I won’t give any spoilers, but eeeek – that ending! Are there any juicy tidbits you can share about the sequel?

Hmm… I can tell you there will be action, aliens and adventure. The expected becomes unexpected. The truth becomes lie. Answers are shredded until they become questions. Romance. Kissing. And an ending that just might have you saying, “eeek—that ending!”

That didn’t help much, did it?

Definitely! And for the final question: as this community is All for One and OneFour KidLit, we’d like to know what two or three books inspired you as a kid.

As a little kid:
• Bread and Jam for Frances by Russel Hoban
• the entire set of Dover Children’s Classics fairy books (The Red Fairy Book, The Green Fairy Book, The Blue Fairy Book, etc. by Andrew Lang)
• The Ghost of Dibble Hollow by May Nickerson Wallace

and as a teen:

• Interview with the Vampire by Anne Rice
• The Wolf and the Dove by Kathleen E. Woodiwiss
• anything and everything by V. C. Andrews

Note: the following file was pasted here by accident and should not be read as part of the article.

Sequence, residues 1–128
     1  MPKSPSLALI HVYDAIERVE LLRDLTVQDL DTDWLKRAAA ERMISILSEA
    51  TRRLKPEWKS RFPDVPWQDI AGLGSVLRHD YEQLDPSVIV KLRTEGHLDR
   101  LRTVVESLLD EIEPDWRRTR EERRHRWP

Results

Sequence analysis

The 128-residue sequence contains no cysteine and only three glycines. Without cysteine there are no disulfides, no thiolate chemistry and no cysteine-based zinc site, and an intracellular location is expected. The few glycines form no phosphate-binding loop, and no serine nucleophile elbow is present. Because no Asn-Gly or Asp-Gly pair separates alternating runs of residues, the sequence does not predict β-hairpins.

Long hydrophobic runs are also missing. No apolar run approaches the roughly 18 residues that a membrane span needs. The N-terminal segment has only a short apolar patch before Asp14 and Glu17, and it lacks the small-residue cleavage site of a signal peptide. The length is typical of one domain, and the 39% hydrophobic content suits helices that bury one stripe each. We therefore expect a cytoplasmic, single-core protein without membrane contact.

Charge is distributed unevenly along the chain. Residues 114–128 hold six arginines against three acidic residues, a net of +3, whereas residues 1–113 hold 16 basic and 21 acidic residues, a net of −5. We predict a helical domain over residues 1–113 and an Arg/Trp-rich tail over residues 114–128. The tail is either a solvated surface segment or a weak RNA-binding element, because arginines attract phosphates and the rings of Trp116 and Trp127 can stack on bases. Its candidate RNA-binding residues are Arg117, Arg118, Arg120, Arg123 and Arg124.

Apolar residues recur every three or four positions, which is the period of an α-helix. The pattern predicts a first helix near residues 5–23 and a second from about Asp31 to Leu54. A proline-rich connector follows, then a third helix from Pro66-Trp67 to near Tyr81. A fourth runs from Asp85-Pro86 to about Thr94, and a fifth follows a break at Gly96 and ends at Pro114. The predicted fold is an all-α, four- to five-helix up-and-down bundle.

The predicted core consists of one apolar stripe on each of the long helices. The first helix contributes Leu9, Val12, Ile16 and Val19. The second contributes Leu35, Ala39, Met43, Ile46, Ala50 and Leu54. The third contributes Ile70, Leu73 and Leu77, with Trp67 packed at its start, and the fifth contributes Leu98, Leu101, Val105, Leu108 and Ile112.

Thanks so much for inviting me to be interviewed!

Thanks for stopping by!

Eve Silver HeadshotEve Silver lives with her gamer husband and sons, sometimes in Canada, but often in worlds she dreams up. She loves kayaking and sunshine, dogs and desserts, and books, lots and lots of books. Watch for the first book in Eve’s new teen series, THE GAME: RUSH, coming from Katherine Tegen Books, June 11, 2013. She also writes books for adults. Visit Eve at and follow her

Here’s where you can buy RUSH:

Amazon – Barnes & Noble – Books A Million – Indiebound – The Book Depository

Emily Lloyd-Jones lives on the western edge of California, where she works in a bookstore by day and writes YA novels by night. She’s addicted to coffee, the internet, and snarky humor. When not writing, she’s usually online or playing with her neurotic cat. She wastes a lot of time on Twitter. Her debut, ILLUSIVE, will be released by Little, Brown in the spring of 2014.